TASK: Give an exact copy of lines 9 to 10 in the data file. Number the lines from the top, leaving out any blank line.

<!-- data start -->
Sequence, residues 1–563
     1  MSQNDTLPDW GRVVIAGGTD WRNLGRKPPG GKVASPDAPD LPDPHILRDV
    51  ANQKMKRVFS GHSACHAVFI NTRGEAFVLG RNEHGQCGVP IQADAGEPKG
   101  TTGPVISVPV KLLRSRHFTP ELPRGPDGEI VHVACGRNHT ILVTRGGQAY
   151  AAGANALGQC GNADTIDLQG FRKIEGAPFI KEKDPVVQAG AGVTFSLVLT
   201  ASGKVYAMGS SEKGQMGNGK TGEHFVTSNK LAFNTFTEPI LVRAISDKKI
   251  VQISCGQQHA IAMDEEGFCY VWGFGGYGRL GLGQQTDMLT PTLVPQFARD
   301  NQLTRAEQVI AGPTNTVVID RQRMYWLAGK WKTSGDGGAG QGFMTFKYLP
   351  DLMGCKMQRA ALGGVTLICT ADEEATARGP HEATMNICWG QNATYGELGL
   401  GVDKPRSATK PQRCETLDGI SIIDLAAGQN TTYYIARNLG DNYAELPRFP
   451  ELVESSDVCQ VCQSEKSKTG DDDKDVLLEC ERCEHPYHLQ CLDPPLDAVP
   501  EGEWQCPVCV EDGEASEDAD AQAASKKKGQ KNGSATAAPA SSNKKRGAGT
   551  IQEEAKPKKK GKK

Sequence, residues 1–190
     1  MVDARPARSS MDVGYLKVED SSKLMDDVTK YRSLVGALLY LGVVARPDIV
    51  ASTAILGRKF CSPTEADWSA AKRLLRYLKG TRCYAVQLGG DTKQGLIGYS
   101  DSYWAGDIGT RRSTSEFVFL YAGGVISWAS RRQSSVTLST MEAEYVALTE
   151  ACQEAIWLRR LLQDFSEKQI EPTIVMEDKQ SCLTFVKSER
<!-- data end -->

   351  DLMGCKMQRA ALGGVTLICT ADEEATARGP HEATMNICWG QNATYGELGL
   401  GVDKPRSATK PQRCETLDGI SIIDLAAGQN TTYYIARNLG DNYAELPRFP